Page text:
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This article was published on January 27, 2012

Data & dollars: The death of the printing press doesn’t mean the death of the ‘press’

Data & dollars: The death of the printing press doesn’t mean the death of the ‘press’
Paul Sawers
Story by

Paul Sawers

Paul Sawers was a reporter with The Next Web in various roles from May 2011 to November 2014. Follow Paul on Twitter: @psawers or check h Paul Sawers was a reporter with The Next Web in various roles from May 2011 to November 2014. Follow Paul on Twitter: @psawers or check him out on Google+.

The newspaper industry is facing challenging times for sure, as it struggles to adapt and keep pace with the digital onslaught.

As with other more ‘traditional’ industries, many newspapers were blindsided by digital and are only now starting to properly embrace it. Indeed, the death of the printing press doesn’t mean the death of the ‘press’, it just means they have to adapt and work in new ways. Back in November, the UK’s Guardian newspaper reported a whopping 4m downloads of its Facebook app in two months, so it’s not all bad news.

But the Web is still very much where it’s at. It has become something of a cliché, but it’s worth repeating anyway. Web 3.0 is all about data, and not any old data…BIG data. LinkedIn co-founder Reid Hoffman said last year:

Web 3.0 is mostly to do with the massive amounts of active and passive data we are generating. An example of passive data is phone calls from mobile devices. Bandwidth is increasing, which enables video, audio and graphic sharing and data. Hoffman advocates thinking hard about it and acting to protect data. Think about what kind of future we want to create…

The data we are producing falls into three types: explicit data is information that we understand is about us and we want to protect; implicit data is less known, we are unaware of it, examples are mobile calls, payments; analytics is data about data that tries to analyze and create meaning. Sources of all three types are exploding.


Data is the name of the game, and the media industry – including newspapers – must sit up and take note. A few months ago, we reported on a company called Visual Revenue, a US-based firm that’s seeking to enable data-driven decisions in every newsroom. The company has just announced big expansion plans too, which could prove to be a major boost for the media industry.

Whilst there’s no shortage of young startups securing multi-million pound investment rounds to fund yet another “location-aware social app”, for the media industry to thrive, it needs to use data. And to do so it too needs investment. Visual Revenue is using its new $1.7m windfall, led by IA Ventures, Softbank and some of its current shareholders, to “aggressively expand” its existing team. This is the kind of money that’s sorely lacking in the tech-media startup space.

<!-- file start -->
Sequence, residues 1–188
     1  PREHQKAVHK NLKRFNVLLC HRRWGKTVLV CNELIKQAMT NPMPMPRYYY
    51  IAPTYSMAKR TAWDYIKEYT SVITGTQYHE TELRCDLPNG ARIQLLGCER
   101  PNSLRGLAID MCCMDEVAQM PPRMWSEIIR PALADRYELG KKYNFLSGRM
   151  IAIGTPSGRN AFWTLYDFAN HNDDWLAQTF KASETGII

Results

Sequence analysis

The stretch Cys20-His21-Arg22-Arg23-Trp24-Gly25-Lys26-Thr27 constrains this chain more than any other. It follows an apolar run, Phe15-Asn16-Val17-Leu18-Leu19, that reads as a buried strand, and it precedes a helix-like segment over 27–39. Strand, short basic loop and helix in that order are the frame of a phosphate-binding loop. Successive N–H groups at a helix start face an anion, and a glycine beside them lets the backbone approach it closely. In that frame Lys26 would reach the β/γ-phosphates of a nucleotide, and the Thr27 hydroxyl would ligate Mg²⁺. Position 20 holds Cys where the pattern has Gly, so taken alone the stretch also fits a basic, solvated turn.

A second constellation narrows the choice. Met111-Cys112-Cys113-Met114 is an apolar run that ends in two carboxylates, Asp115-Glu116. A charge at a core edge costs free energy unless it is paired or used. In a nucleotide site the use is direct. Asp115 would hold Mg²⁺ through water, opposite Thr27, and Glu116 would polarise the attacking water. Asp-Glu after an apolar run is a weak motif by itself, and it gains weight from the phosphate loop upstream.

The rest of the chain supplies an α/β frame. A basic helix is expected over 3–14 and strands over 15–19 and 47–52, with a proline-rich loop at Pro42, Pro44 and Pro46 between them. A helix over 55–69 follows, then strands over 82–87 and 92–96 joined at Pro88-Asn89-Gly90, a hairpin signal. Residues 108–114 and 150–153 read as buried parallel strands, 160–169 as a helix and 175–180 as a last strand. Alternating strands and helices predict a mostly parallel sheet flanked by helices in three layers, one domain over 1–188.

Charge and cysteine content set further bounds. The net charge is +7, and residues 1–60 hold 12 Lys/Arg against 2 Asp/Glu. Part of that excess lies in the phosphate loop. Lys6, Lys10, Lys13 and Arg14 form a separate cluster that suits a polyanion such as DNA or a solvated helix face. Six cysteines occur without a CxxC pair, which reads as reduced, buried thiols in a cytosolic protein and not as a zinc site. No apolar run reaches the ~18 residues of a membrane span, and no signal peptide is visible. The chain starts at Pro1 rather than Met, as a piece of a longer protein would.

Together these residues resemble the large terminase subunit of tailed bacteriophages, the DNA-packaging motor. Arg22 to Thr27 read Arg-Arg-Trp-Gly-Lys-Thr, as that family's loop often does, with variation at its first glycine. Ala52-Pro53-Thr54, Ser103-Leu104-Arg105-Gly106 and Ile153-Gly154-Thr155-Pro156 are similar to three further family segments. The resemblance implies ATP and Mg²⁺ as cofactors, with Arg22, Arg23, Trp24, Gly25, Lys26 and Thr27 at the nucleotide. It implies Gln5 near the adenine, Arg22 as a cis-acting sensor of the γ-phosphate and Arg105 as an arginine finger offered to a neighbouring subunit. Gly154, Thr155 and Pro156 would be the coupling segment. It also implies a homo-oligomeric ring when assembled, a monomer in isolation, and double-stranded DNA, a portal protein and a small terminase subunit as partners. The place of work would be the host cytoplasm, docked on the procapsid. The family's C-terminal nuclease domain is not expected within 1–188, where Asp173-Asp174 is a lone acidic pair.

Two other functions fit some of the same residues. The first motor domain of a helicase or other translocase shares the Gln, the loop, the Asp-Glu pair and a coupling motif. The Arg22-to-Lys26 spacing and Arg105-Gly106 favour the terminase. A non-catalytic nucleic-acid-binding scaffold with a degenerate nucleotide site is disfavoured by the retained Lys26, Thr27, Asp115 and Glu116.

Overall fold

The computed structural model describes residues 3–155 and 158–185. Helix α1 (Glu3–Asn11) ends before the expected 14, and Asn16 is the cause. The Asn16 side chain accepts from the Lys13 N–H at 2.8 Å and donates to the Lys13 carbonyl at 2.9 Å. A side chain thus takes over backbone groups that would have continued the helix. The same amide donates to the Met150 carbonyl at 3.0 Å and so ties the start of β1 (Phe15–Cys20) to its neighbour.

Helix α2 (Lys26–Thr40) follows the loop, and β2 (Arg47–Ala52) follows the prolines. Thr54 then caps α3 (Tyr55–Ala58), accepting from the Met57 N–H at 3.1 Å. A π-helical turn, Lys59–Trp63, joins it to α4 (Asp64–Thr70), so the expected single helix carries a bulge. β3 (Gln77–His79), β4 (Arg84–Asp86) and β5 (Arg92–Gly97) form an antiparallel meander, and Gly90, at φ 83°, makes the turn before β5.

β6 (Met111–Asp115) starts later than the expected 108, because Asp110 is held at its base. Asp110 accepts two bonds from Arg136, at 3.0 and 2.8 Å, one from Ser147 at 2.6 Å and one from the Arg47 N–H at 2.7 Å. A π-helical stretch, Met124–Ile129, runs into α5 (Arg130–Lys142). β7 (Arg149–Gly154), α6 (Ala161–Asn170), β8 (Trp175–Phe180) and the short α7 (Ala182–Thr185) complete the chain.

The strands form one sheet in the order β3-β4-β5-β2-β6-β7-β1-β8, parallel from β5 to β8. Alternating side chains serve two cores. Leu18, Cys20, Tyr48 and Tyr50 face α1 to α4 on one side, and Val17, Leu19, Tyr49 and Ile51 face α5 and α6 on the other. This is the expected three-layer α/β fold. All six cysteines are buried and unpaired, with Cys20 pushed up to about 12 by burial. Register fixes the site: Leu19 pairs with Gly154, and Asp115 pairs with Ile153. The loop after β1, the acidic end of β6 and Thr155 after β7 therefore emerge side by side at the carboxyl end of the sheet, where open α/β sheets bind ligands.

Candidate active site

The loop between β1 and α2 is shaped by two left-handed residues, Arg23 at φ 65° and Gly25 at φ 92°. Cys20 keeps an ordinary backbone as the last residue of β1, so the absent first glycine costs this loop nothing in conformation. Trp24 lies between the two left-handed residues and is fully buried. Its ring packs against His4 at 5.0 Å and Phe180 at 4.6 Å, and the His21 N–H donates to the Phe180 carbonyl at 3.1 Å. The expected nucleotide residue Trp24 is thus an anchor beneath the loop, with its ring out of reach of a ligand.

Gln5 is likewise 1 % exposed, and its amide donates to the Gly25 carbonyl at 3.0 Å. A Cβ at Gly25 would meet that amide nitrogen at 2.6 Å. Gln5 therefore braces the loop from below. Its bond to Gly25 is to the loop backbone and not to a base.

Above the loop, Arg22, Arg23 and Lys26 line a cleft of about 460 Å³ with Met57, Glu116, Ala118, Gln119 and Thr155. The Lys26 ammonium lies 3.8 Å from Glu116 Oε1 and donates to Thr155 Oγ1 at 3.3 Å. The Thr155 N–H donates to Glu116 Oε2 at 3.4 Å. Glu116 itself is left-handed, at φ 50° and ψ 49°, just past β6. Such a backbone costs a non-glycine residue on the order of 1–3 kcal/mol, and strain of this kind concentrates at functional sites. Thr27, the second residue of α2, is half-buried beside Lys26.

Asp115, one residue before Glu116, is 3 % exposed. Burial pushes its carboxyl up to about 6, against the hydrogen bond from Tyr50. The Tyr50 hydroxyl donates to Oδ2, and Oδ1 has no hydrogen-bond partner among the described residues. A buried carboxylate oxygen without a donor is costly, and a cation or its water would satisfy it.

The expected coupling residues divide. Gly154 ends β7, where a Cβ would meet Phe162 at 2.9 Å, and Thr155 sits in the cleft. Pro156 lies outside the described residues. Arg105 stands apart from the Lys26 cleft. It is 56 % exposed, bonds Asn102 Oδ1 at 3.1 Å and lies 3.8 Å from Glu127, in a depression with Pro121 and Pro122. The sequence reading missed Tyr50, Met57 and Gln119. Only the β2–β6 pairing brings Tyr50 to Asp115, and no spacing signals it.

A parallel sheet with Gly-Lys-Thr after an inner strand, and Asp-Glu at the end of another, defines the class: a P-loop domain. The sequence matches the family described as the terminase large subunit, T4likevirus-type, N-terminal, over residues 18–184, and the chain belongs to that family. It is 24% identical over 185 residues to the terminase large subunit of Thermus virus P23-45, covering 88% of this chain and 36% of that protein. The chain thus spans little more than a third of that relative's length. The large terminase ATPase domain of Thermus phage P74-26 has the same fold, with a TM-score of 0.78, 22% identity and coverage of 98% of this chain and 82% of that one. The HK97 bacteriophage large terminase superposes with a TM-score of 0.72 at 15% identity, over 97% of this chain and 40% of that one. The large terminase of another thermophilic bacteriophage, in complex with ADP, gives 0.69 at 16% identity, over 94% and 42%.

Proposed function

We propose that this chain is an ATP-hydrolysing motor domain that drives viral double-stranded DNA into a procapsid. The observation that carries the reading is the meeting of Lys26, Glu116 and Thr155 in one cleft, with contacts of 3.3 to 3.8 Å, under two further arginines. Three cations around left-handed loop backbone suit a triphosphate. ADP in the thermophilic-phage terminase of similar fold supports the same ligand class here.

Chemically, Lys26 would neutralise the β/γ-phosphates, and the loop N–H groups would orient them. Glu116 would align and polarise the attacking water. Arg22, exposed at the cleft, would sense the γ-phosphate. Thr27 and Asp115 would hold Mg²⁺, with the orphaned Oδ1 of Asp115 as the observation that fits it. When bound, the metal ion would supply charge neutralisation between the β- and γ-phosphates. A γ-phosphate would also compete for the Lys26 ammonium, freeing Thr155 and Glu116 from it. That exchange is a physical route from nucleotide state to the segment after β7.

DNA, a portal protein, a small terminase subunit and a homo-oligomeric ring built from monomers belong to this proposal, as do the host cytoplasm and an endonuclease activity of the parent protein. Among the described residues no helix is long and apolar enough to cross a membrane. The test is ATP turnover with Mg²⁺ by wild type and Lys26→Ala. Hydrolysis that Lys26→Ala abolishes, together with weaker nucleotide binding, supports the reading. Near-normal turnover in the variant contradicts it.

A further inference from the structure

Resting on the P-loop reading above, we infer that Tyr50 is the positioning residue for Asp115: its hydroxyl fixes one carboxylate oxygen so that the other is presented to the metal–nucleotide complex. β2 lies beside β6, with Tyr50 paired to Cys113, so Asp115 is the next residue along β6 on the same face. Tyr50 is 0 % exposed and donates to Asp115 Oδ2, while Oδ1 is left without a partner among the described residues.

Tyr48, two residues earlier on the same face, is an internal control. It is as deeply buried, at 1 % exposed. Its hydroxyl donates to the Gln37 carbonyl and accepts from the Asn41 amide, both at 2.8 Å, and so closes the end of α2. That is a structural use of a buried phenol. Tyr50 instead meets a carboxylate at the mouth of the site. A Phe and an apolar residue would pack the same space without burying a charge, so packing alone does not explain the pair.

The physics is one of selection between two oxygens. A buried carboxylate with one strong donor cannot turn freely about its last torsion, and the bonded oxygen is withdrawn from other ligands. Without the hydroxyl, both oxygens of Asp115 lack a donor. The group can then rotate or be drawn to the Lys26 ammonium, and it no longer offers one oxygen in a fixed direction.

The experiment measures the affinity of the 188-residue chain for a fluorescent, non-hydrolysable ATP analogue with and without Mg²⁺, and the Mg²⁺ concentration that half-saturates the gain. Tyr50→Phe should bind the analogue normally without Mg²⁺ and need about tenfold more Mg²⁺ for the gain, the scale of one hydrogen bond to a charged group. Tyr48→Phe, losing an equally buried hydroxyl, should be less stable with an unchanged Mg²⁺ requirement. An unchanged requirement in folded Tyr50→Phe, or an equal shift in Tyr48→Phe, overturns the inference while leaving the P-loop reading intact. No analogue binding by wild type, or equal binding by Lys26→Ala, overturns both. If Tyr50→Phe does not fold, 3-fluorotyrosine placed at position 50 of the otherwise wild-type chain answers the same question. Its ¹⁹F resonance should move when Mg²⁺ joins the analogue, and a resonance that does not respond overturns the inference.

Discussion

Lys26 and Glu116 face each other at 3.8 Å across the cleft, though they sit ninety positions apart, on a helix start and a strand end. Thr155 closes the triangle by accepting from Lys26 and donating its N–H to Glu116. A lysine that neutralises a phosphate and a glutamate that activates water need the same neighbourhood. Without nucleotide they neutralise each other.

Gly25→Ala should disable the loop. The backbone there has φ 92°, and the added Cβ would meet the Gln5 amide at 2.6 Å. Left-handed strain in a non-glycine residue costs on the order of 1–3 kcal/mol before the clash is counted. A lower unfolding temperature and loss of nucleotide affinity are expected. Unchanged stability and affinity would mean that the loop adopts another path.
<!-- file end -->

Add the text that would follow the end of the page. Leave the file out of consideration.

Visual Revenue is a platform for editors of news sites, which gives them real-time homepage recommendations on what articles to place, in which position and for how long. It taps predictive analytics technology to give media organizations and online publishers the tools to manage the cost of surfacing content on their homepage, whilst maximizing the return from promoting it. It promises to predict the performance of a piece of content about 15 minutes into the future – it really is quite exciting stuff, and you can read all about it again here.

So…how does this kind of data help, exactly? “You don’t control Google,” said Dennis R. Mortensen – the CEO and Founder of Visual Revenue – in our previous interview. “You can certainly make efforts to ensure that you’re well found, and try and make gains within the search system.

“Also, you can’t own social,” he continued. “You can take measures and put processes in place to make the most of social channels, but you don’t own it. You’re at the mercy of whatever the algorithm might be on the Facebook and Twitter news streams. I’m not saying people shouldn’t focus on these channels…I think people should make the most of them. But the point is, they’re not the biggest channels for most of the publishers we look at.”

So content creators and publishers can only control so much of what happens in the social (Facebook) and search (Google) spheres. Sure, they can manipulate things a little to their benefit, but the one thing they CAN control is their own website, and that’s where (big) data comes in.

Visual Revenue’s technology is currently being used by around 50 online publishers, including Forbes, NYDailyNews, NBC’s, TheBlaze, Telegraaf (The Netherlands) and OneIndia (India). The company is on the rise, and it may hit a newsroom near you imminently.

“Visual Revenue’s success is a testament to our excellent team and the progressive newsrooms that we serve,” says Mortensen. “Given our success and momentum, we have the luxury of selecting the very best investors to help us fulfill our vision of a data-driven newsroom.”